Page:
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- Volume 26, Issue 3, 2012
South African Journal of Higher Education - Volume 26, Issue 3, 2012
Volumes & issues
Volume 26, Issue 3, 2012
Author N. DavidsSource: South African Journal of Higher Education 26, pp 395 –410 (2012)More Less
Inasmuch as Muslims and Muslim women in particular, are struggling to find accommodation and expression in a pluralist society, cosmopolitanism is grappling in its understanding and acceptance of what constitutes the presentations and representations of Muslim women. By proposing a renewed cosmopolitanism as well as a reformed approach to Islamic education, this article sets out to show how cosmopolitanism can contribute to the lived experiences of Muslim women, and how the latter can indeed find a space of recognised articulation. It is the main argument of this article that by re-visiting the notion of the otherness of Other, in terms of cosmopolitanism, and by exploring options for a reformed Islamic education - by specifically looking at the elements of ta'lim (instruction), ta'dib (just action) and tarbiyah (nurturing) - the nurturing of a commensurable relationship is not only possible, but holds unexplored implications for democratic citizenship education.
Author A. ArcherSource: South African Journal of Higher Education 26, pp 411 –421 (2012)More Less
This article builds on and contributes to work in writing pedagogy, with a particular focus on multimodality. Research on writing and academic literacies have examined changing texts in higher education, yet there has not been a particular emphasis on how these texts are reconfigured in the multimodal moment. This article examines the implications of a more inclusive view of the representational landscape for writing pedagogies and academic literacies. It explores the visual nature of writing, and some of the ways academic discourse is constructed across images and writing in texts in Higher Education. It also questions the extent to which visual and verbal modes can be used as critical 'metaforms' for reflection. The aim is to create awareness in order to enable student access to a broader multimodal notion of academic discourse.
Source: South African Journal of Higher Education 26, pp 422 –440 (2012)More Less
In 2009 we developed an experiential Research Writing course to help academics at our university to become more productive and successful writers. Our aim was to create a stimulating environment in which each participant's voice, knowledge and experience was valued, and where learning was characterised by optimism, creativity and energy. In this article we describe the context which gave rise to the Research Writing course, and the theories of learning and writing which informed course design and development. We also discuss the variations which are inevitable when learning is experiential, and dependent, in part, on group composition and dynamics. Is it possible to design a course for a diverse group of academics from different disciplines, at different levels of seniority and with different first languages? To answer this question we describe three cycles of action research, and reflect critically on our experience of presenting the course.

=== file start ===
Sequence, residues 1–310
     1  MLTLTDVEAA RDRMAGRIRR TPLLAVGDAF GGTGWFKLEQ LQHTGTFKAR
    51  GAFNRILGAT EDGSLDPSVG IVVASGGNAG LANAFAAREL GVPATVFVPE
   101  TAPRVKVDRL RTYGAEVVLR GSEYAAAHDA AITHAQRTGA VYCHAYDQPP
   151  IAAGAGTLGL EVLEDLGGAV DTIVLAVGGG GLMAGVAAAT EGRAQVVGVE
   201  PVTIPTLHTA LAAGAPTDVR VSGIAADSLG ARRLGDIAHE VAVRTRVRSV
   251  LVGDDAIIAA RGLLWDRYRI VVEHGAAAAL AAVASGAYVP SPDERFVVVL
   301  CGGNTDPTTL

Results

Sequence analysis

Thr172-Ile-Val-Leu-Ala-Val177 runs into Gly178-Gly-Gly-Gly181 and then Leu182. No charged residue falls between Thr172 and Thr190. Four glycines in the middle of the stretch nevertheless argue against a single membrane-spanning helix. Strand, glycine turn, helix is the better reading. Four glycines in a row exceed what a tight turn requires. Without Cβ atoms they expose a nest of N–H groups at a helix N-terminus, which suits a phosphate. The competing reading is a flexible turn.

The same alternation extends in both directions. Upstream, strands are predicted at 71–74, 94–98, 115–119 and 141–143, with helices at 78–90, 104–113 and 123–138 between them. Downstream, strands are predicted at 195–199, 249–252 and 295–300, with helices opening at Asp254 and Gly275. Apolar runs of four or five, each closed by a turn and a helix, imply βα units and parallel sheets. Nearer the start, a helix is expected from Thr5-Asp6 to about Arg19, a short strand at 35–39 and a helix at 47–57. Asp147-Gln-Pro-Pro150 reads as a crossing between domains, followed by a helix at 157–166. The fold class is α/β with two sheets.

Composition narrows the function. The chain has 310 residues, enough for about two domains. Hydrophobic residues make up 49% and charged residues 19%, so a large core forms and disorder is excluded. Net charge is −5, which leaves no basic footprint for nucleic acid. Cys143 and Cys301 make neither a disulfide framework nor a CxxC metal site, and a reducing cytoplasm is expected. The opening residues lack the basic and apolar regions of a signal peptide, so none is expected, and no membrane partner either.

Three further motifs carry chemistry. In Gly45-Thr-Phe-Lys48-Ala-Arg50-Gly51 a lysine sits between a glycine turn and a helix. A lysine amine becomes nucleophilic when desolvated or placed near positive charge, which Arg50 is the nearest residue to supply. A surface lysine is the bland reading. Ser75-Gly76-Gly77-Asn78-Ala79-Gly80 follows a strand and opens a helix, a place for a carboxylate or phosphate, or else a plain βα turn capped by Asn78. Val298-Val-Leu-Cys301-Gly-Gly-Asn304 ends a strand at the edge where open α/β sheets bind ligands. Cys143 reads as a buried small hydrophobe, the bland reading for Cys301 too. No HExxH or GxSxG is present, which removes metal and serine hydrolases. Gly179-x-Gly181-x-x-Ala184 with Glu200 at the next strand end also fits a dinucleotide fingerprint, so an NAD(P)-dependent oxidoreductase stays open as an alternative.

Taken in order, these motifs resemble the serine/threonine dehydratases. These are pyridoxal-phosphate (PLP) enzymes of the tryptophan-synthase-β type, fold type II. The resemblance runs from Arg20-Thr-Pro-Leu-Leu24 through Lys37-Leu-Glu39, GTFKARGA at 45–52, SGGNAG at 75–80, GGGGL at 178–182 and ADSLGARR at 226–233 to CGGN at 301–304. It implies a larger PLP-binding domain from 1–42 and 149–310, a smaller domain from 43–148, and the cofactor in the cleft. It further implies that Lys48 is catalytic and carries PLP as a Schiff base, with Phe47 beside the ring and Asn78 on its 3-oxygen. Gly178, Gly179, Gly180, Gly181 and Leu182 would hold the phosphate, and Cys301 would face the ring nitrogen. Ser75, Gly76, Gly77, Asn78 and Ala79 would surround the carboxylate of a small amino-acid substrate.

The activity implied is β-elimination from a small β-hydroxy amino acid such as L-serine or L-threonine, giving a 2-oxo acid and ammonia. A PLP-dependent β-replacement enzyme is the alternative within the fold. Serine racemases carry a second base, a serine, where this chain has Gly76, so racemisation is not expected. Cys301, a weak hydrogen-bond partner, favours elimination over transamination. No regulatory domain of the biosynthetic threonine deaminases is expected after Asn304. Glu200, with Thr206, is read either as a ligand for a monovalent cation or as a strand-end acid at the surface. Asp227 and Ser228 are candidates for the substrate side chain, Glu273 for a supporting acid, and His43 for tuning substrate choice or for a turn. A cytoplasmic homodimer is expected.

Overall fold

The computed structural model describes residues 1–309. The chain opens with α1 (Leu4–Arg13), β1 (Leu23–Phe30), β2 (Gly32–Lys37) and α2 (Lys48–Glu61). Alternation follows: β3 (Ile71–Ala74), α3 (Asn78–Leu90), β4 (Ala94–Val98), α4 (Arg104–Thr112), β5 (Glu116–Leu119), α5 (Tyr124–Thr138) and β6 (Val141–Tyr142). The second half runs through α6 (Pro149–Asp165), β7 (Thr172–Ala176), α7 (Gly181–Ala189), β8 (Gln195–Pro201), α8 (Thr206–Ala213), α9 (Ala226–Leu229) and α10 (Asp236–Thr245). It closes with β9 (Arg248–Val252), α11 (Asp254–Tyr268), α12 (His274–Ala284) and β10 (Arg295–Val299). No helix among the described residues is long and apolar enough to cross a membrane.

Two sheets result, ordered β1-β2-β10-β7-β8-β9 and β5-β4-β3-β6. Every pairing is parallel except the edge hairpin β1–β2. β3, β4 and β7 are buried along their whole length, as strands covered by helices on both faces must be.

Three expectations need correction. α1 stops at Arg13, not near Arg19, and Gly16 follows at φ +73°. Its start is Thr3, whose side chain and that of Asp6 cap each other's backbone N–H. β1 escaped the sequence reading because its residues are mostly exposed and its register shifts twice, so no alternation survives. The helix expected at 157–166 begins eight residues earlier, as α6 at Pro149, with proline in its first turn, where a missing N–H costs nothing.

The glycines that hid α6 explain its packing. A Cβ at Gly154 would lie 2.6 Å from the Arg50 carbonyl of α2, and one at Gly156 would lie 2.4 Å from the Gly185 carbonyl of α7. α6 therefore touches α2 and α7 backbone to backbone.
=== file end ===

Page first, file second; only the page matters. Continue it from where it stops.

Source: South African Journal of Higher Education 26, pp 441 –454 (2012)More Less
Research is a key indicator of university performance and research leadership is a critical variable in achieving research excellence. This qualitative research study examined the 'research stories' of ten research performing academics and the reported research and mentoring experiences of a sample of 30 of their postgraduate mentees to gain a more nuanced understanding of the nature of research leadership, with special attention to how this influences research performance. The unit of analysis was leadership at the disciplinary level within South African higher education. This article discusses one of the salient features common to the research trajectories in this study, namely, leadership by example of personal scholarship. Academic role models, who are themselves performing scientists and scholars, are essential in influencing the intellectual development of the next generation of researchers.